The ‘deafening silence’ of Australia and New Zealand on democracy and human rights in the Pacific
ANALYSIS: By Biman Chand Prasad in Suva
The Pacific Islands Forum Leaders meeting has come to an end and what is intriguing is the deafening silence on the declining standards of democracy, governance, human rights, media freedom and freedom of expression, despite the serious and probably deteriorating situation in some countries of the region.
The focus on climate change is necessary and welcome. However, to effectively address climate adaptation and build climate-resilient infrastructure, countries need to mobilize large amounts of resources.
The effective use of these resources will depend on standards of governance, transparency and accountability. Without it, efforts to address the climate change emergency will run into difficulties and waste resources.
In any case, not everything can be reduced to climate change, which too often becomes a convenient means of avoiding other difficult problems and distracting attention from national problems. And we have other important pressing issues, such as media rights and freedom of expression, which deserve to be heard at the highest levels of this august body, but which have been conveniently swept under the rug of “subjects”. sensitive,” it seems.
Human rights – including freedom of expression – underpin all other rights, and it is regrettable that this Forum has failed in its moral obligation to send a strong message of its commitment to defending these rights.
Australia and New Zealand are considered the doyens of human rights and media freedom in the region, and the presence of their leaders at the Forum was an opportunity to send a strong signal to the countries members on the sanctity of these values - but the moment has passed without any declaration.
Anthony Albanese and Jacinda Ardern could have taken the initiative and spoken out on these issues on their own accord, but they did not, thus giving some credence to voices who claim that when it comes to the Forum, the australia and New Zealand are concerned with their own strategic interests first, and the interests of Pacific Island countries second.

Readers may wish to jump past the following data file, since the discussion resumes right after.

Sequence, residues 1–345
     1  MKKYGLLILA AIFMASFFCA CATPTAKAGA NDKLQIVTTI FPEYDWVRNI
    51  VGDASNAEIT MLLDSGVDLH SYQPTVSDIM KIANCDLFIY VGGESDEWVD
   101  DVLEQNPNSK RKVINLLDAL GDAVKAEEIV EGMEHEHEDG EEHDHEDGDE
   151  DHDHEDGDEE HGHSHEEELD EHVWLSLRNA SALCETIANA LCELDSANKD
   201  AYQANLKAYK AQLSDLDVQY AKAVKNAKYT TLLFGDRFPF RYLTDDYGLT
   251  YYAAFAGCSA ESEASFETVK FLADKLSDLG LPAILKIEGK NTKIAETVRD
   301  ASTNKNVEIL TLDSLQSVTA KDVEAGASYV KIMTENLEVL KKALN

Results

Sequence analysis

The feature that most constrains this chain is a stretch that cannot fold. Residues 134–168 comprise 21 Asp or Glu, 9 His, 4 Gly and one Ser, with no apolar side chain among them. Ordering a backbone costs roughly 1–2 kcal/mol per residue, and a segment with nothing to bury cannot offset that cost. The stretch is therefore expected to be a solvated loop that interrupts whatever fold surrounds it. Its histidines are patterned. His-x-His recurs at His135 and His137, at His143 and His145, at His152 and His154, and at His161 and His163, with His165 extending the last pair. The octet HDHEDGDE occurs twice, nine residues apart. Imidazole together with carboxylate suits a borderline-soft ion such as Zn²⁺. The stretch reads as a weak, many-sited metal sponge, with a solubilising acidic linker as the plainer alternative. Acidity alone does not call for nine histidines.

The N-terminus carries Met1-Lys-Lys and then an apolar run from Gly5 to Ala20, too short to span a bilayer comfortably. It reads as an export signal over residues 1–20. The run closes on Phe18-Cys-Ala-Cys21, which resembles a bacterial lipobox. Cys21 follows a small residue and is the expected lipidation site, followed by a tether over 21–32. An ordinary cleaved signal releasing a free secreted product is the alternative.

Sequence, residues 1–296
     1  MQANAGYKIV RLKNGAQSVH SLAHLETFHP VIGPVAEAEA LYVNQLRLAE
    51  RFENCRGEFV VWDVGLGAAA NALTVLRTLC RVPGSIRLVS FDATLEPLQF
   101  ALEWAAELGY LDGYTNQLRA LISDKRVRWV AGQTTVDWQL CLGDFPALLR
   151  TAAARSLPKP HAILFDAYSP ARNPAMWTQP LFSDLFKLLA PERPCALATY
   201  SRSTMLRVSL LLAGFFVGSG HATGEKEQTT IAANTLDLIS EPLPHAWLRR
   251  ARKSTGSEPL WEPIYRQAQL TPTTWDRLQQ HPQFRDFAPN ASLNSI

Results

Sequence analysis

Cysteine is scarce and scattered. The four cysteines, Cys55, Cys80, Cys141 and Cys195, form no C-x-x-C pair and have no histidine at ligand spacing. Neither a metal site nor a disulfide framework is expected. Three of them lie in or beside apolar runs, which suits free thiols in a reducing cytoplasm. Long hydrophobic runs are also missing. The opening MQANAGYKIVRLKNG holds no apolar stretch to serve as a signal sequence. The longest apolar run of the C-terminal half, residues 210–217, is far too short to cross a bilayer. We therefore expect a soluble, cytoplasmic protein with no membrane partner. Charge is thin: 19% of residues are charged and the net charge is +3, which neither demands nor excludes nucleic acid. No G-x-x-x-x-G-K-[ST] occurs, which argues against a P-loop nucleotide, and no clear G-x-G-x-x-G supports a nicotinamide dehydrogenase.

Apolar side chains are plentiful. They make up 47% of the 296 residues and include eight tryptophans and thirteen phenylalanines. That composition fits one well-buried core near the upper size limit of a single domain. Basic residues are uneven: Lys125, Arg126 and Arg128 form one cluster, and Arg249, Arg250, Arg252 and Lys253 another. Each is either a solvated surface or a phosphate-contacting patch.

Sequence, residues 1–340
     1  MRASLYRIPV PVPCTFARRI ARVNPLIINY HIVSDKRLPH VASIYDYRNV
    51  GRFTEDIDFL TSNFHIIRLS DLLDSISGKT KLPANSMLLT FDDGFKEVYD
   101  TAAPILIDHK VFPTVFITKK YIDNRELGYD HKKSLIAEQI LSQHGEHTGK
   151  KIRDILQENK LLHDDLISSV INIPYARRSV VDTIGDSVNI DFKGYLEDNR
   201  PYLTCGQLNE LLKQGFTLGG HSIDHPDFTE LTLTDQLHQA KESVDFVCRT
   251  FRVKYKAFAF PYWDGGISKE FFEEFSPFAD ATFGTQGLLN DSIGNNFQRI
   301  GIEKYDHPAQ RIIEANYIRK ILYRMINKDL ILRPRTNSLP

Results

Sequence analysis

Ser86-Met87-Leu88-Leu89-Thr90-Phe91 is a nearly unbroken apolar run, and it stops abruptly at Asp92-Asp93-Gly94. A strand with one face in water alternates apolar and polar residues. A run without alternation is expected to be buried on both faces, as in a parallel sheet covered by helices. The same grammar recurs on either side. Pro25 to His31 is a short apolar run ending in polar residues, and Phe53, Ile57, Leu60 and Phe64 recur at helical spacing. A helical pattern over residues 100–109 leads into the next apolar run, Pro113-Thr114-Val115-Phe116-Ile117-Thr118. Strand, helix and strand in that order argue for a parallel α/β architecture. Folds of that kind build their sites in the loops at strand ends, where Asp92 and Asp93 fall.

Avoid “nasty topics”
To that end, the two Western world leaders appeared to be at pains to avoid topics deemed distasteful to their Pacific Islander counterparts, apparently for fear of pushing them further into China’s arms.
This includes an apparent fear of upsetting Fiji, which has had a draconian and punitive media law in place since 2010. There are also concerns in Fiji about the independence of important offices, such as the Electoral Commission, which are particularly urgent in an election year. .
The Fijian government is also denying the rights of thousands of tertiary students to access a good quality education by withholding more than FJ$80 million (NZ$50 million) in grants from the University of the South Pacific.
Apparently, in meetings last week, only the Prime Minister of Samoa, Fiamē Naomi Mata’afa, called on the Fijian government to release the grant.
Australia and New Zealand’s silence has prompted criticism that they are practicing the politics of convenience rather than principle and have lost moral ground in the Pacific region.
Appeasement of autocratic rulers in our region as a strategy against China is not only wrong, it is also shortsighted and counterproductive.
A restrictive and undemocratic environment, where the media is suppressed and the people deprived of a voice, is good for China. It is therefore in Australia’s and New Zealand’s interest to combat these trends by speaking up rather than keeping quiet.
Appeasement is not the best strategy
The sooner Australia and New Zealand realize that appeasement is not the best strategy, the better for them and for the region. If we are vuvalle (a family) as Australia says, then we should be looking at our collective interest, rather than just our individual interests.
Unfortunately, the Forum Secretariat chose not to invite Fiji’s parliamentary opposition leaders to any of the meeting events, even though they represent a significant proportion of the country’s population.
This was another missed opportunity to get a fuller picture of the situation in Fiji instead of the official version only. This leads to a partial and poor understanding of what is going on, which is hardly the basis for sound decision-making.
As leaders of democracies, Australia and New Zealand must move away from an egocentric approach and adopt a more conscientious long-term vision in the region.
As things stand, in their preoccupation and fear of China, they seem to lose sight of the objective. Australia and New Zealand should never compromise on governance, human rights and freedom of expression, the building blocks of democracy in the region.
Dr. Biman Prasad is an Adjunct Professor at James Cook University and Punjabi University, and is currently a Member of Parliament and Leader of the National Federation Party in Fiji. He is a former Professor of Economics and Dean of the School of Business and Economics at the University of the South Pacific. This article was first published by DevPolicy Blog and is republished under a Creative Commons license.